Navigation

Skiplink Navigation

Main Features

Poll shows growing trust in police and Church

More people trust the Church and the police than they did ten years ago, while many are now more sceptical of the media and the advertising industry, a survey shows.

The Reader’s Digest European Trusted Brands 2010 report published on Tuesday revealed that 74 per cent of respondents had faith in the police, up two percentage points on a decade ago.

Confidence in the judicial system increased four points to 61 per cent over the same period. Around 43 per cent said they trusted the Church, up from 38 per cent.

Confidence in banks was not as affected as one might think, Uwe Horn, spokesman for Readers Digest in Germany and Switzerland, told swissinfo.ch. Around 38 per cent of respondents said they had high or fairly high confidence in banks, around the same as the European average. No comparative data from a decade ago was available.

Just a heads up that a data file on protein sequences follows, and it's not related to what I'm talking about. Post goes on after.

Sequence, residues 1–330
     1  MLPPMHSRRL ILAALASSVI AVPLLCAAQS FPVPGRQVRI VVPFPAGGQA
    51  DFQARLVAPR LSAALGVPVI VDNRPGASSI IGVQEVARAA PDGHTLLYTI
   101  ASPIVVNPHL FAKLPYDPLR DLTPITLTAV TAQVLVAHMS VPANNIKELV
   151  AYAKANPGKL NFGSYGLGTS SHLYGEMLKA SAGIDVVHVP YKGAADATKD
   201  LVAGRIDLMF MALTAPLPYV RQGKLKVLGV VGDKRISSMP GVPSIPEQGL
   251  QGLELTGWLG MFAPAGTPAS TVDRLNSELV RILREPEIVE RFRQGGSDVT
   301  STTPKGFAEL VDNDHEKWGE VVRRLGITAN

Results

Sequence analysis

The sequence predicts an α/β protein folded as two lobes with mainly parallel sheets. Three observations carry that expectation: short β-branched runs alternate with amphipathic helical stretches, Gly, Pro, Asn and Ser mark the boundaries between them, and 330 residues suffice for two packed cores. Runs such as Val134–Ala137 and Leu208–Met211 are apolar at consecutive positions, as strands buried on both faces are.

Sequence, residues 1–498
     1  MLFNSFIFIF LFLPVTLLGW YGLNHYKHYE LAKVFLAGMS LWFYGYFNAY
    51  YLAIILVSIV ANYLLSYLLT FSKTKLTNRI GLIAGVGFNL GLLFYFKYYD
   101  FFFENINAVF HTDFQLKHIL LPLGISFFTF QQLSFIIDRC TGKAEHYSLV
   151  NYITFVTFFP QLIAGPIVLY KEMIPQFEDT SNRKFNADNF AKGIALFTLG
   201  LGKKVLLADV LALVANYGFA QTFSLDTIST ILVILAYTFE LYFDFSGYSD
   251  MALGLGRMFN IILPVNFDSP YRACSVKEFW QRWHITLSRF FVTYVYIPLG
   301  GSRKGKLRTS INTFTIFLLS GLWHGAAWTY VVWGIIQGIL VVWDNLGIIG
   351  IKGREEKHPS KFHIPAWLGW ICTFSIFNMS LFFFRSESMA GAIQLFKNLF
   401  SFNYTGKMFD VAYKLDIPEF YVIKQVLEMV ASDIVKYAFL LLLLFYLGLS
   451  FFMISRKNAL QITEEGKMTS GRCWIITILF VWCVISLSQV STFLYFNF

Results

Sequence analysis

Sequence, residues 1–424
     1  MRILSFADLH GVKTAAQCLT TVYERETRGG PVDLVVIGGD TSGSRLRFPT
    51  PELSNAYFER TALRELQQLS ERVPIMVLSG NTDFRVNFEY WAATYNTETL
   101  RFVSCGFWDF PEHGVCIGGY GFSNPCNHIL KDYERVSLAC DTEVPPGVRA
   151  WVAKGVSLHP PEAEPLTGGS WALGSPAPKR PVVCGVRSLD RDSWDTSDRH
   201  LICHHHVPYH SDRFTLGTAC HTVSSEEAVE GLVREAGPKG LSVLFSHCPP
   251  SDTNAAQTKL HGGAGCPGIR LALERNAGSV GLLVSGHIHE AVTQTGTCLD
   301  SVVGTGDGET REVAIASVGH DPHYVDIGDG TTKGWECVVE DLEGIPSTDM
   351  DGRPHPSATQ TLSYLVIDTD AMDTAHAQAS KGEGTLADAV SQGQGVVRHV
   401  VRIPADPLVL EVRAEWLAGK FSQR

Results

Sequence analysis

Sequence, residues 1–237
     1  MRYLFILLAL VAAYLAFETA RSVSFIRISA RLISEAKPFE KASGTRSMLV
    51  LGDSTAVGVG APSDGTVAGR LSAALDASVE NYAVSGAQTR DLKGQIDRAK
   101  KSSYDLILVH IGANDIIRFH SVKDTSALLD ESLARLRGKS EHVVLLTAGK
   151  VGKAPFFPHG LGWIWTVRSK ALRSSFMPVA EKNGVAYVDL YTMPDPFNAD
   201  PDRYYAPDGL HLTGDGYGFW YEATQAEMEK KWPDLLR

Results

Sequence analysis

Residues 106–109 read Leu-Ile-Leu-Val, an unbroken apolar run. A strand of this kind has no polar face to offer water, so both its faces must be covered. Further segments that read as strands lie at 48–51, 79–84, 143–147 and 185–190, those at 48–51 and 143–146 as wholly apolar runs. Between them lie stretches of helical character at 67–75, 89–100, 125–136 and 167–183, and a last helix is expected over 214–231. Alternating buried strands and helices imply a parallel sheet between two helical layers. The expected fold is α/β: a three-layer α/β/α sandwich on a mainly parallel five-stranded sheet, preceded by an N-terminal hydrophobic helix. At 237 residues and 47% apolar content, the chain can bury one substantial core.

The media is losing some ground in Switzerland, as it is across much of Europe. The percentage of people who said they had high or fairly high confidence in the press slipped from 50 to 46. Confidence in television and radio dropped two percentage points to 65 per cent compared with ten years ago.

People seem to have about the same level of trust in marriage as they did a decade ago. The survey found 69 per cent had confidence in the institution compared with 68 per cent previously.

Other areas surveyed reveal stark contrasts between Switzerland and other European countries. The poll showed 43 per cent of people had confidence in the Swiss government and its policies, nearly double the European average.

Confidence in the European Union fell six percentage points to 24 per cent. Faith in the advertising industry dropped from 19 per cent to 16 per cent over ten years.

swissinfo.ch and agencies


Links

Neuer Inhalt

Horizontal Line


subscription form

Form for signing up for free newsletter.

Sign up for our free newsletters and get the top stories delivered to your inbox.







Click here to see more newsletters

swissinfo EN

The following content is sourced from external partners. We cannot guarantee that it is suitable for the visually or hearing impaired.

Join us on Facebook!

×